Yes, it’s true. I confess. I’ve had an addiction of sorts for many years to science fiction. Actually, us “real” junkies don’t use the term sci fi, finding it trite and the phrase of choice for the truly uninitiated. You know the ones I mean, the kids who really watch Star Wars, and BattleStar Galactica only for the cowboy shoot ’em ups, and not for the deep sociological meaning.
Sociological meaning you ask? But of course. Real fans know that much of science fiction but masks a political statement by the author of the state of the world today. It is critical analysis of our “issues.” Anybody who watched the old Star Trek knows that. Roddenberry wrote scripts that addressed war, racism, sexism, and a plethora of social ills of his day. They are mostly still our ills lo these many years later.
I came to the genre in my late 20’s and held on fast for more than ten years. And this is somewhat surprising since I was never a fan of fantasy, even in my youth. I cannot tell you how many times I sat down to begin Alice in Wonderland, only to throw it aside in disgust as “weird” and “unbelievable nonsense.” I guess you could say I was not a child who had a great imagination.
When I joined the science fiction world, I tended to the hard science writers; those that took technology of the present and “futurized” it. Azimov was a favorite as was Heinlein, Clarke, and a host of others who dropped me into a universe of faster than light travel, robots, and other really neat things like portable phones and touch pads.
We, the science fiction followers, thought of ourselves as ahead of the curve, preparing ourselves intellectually and emotionally for the 21st century, still years away. It was much later that I broadened my landscape to include fantasy and it happened slowly and carefully, just a writer here and there. It broke wide open with Lord of the Rings. I distinctly recall going into the my office one day, and announcing “FRODO LIVES” to much laughter from those who had read the trilogy years before.
Television and movies were not to be found in quantity, and well, quality was even worse. To this day, I enjoy the thrill of really really bad sci fi movies. Sci fi is an apt description, since these were D list affairs, costing thousands to make rather than millions. The actors were either very new at their craft, or very old and still horrid. The plots were predictable, the aliens laughable. As I said, they remain so bad they are hilarious to watch. (think of watching old episodes of Dark Shadows.)
Today, my but things have changed. Science fiction in all its permutations is big business today. That is true in the land of movie making and television fare. Weird is the new normal. From Lost, to Heroes to Caprica and Sanctuary, the airways are filled with distinctly not normal stories. And, it appears we are eating it up.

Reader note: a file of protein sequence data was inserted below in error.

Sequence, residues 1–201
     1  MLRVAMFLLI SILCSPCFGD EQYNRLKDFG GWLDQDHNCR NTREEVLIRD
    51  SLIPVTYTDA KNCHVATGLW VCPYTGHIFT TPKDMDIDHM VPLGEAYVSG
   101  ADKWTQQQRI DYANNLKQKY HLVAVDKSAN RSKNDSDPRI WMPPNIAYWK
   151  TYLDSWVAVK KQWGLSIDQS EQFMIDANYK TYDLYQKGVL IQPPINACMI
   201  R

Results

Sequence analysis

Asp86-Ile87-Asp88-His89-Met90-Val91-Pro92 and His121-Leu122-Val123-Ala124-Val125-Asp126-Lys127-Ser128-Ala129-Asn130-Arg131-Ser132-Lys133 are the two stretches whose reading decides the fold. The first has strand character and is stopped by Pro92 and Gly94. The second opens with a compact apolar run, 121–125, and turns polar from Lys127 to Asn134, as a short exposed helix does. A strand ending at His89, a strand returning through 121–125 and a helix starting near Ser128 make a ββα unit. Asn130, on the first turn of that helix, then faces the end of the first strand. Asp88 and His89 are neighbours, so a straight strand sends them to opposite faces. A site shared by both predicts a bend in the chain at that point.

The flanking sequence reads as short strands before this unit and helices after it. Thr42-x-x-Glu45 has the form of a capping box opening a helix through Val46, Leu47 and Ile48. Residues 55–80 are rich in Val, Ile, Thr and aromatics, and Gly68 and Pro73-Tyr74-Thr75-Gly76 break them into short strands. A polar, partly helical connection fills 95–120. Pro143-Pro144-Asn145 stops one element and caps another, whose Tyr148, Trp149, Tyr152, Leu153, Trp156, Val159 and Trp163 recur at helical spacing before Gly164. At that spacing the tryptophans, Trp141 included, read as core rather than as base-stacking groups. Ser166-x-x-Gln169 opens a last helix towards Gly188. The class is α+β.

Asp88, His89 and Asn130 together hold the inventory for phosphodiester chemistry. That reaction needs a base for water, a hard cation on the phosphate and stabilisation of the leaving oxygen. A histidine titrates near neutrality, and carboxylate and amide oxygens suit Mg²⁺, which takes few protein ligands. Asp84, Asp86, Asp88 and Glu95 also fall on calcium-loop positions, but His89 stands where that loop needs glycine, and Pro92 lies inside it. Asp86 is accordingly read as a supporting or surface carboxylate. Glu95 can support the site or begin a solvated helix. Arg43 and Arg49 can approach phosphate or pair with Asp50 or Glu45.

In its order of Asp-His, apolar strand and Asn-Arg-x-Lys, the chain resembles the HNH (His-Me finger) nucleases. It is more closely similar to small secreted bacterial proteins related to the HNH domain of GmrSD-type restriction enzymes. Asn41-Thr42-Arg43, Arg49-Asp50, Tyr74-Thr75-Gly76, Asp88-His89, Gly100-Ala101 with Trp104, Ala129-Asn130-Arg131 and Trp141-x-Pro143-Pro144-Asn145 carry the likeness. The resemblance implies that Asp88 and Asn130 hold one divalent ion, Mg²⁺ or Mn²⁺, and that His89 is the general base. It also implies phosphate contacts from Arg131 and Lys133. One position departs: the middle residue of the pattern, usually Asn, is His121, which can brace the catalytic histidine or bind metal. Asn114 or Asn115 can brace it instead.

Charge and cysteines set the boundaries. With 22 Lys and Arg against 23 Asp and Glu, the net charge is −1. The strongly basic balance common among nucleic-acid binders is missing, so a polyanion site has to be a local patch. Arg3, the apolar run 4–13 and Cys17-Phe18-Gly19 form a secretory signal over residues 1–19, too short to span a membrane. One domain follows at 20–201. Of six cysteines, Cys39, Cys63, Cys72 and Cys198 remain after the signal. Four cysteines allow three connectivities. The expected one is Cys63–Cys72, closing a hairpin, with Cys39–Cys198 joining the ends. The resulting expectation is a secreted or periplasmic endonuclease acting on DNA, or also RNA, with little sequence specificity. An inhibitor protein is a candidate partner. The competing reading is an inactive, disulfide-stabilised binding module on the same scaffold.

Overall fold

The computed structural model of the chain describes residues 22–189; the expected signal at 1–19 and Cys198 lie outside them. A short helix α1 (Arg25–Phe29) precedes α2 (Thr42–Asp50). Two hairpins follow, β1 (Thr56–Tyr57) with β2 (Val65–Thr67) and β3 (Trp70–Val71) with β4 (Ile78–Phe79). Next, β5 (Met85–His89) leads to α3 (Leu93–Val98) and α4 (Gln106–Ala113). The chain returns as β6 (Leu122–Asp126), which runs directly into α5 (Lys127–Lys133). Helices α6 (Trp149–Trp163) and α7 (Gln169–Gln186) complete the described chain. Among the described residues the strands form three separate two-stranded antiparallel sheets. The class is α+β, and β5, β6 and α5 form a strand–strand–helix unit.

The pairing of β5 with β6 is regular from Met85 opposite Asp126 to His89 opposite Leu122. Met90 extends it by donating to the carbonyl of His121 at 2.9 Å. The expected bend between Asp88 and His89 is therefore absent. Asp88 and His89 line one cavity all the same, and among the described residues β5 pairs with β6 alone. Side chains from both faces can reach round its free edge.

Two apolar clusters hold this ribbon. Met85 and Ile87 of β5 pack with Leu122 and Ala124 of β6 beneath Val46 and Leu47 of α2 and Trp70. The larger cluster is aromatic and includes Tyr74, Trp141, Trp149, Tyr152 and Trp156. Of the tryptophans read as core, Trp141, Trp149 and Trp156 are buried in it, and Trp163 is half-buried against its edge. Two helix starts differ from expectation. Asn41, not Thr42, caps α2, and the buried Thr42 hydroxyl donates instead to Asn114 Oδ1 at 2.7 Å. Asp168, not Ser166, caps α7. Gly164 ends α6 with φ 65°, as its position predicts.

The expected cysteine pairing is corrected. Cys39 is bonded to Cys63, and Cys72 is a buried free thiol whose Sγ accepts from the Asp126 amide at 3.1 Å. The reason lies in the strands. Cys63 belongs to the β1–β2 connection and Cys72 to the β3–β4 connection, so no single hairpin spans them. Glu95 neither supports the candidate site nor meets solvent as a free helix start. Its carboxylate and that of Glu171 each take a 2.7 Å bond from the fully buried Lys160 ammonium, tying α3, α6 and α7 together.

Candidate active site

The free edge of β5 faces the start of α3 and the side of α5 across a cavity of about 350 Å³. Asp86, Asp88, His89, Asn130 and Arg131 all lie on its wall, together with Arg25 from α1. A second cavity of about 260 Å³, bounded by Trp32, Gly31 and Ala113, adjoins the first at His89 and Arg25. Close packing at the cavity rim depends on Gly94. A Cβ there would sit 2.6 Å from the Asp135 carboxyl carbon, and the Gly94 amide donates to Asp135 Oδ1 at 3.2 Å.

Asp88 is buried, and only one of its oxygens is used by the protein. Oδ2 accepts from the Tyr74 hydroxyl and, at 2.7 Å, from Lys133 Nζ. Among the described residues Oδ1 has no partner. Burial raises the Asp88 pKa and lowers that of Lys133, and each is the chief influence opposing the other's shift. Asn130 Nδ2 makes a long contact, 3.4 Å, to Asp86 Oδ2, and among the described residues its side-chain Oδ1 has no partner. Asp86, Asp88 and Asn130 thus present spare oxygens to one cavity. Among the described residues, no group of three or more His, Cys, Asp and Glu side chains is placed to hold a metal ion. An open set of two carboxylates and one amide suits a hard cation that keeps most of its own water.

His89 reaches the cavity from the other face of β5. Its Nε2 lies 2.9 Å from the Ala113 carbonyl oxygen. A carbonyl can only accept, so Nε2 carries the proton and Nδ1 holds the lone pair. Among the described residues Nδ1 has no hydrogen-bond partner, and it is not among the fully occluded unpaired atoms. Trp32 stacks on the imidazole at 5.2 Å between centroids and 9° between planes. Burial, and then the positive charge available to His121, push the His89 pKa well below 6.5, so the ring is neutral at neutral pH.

If you add together the science fiction/fantasy world and the “reality” TV world, you have cornered the market. What this says about us as humans is hard to gauge. It may be that we are hell bent on escaping reality but then isn’t all such creation just that anyway? Whether I’m entering into an alien futuristic world, or merely watching some other real human’s life, escapism is inevitable.
NASA must be sad these days. Their space traveling days, as creators of rockets and propulsion systems is seemingly over for the time being. We are ending our “adventure in space” in a sense. We will have to hitch a ride in the near future. We are not gearing up for Mars landings and building bigger and better ships to travel faster and further.
But we will, of that I have no doubt. We are a curious species. Not the only one, but the only one both curious and capable it seems to deeply alter their environment. The porpoise may wonder about the universe, but I suspect it has little hope of building a space ship. Our need to know will drive us inevitably into the cosmos. Our arrogance will push us to discover if in fact we are the most intelligent of species in the universe.
That is the promise that drives those of us who love to fall into this world of robots and faster than light travel. It is the dream we dream, yet know we cannot partake of it but in our minds. It is in part also the world of fantasy, since other worlds, we believe will be so incredibly different from us that indeed we may find talking rabbits and “plants” that giggle when touched.
Whether we are escaping, as some suggest, into worlds that are less threatening, is still up for debate. The same can be said for golf and quilting or any “hobby” that becomes a favorite of leisure time. In the end, I’m not sure the debate is fruitful. I’m just mighty glad that I have this opportunity, for however long it lasts, to wallow in the glut of other worldly movies and such. Some suck, and others are true genius as one would expect.
So the next time you hear about sci fi being taught at our schools of higher learning, don’t shake your head and decry the “basket weaving” mentality of college curricula. There’s more to this than meets the eye. Or eyes, as the case may be. Engage!